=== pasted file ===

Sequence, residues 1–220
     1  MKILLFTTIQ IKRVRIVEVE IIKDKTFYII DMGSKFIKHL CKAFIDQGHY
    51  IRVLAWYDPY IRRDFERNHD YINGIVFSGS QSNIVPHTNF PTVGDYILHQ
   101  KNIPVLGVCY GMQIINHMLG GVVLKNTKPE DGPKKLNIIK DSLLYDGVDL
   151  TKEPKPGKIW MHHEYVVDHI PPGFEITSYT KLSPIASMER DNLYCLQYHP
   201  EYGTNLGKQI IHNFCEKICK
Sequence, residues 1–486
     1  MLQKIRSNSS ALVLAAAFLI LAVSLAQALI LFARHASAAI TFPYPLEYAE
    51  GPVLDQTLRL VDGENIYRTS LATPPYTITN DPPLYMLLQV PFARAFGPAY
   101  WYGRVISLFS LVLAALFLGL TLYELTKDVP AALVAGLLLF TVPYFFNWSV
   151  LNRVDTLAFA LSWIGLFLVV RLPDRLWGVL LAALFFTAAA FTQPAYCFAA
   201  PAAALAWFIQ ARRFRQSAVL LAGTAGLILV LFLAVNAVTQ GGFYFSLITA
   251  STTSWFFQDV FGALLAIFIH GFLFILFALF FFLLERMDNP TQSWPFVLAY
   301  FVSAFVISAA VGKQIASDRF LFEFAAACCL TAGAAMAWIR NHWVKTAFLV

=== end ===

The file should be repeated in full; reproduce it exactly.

Sequence, residues 1–220
     1  MKILLFTTIQ IKRVRIVEVE IIKDKTFYII DMGSKFIKHL CKAFIDQGHY
    51  IRVLAWYDPY IRRDFERNHD YINGIVFSGS QSNIVPHTNF PTVGDYILHQ
   101  KNIPVLGVCY GMQIINHMLG GVVLKNTKPE DGPKKLNIIK DSLLYDGVDL
   151  TKEPKPGKIW MHHEYVVDHI PPGFEITSYT KLSPIASMER DNLYCLQYHP
   201  EYGTNLGKQI IHNFCEKICK
Sequence, residues 1–486
     1  MLQKIRSNSS ALVLAAAFLI LAVSLAQALI LFARHASAAI TFPYPLEYAE
    51  GPVLDQTLRL VDGENIYRTS LATPPYTITN DPPLYMLLQV PFARAFGPAY
   101  WYGRVISLFS LVLAALFLGL TLYELTKDVP AALVAGLLLF TVPYFFNWSV
   151  LNRVDTLAFA LSWIGLFLVV RLPDRLWGVL LAALFFTAAA FTQPAYCFAA
   201  PAAALAWFIQ ARRFRQSAVL LAGTAGLILV LFLAVNAVTQ GGFYFSLITA
   251  STTSWFFQDV FGALLAIFIH GFLFILFALF FFLLERMDNP TQSWPFVLAY
   301  FVSAFVISAA VGKQIASDRF LFEFAAACCL TAGAAMAWIR NHWVKTAFLV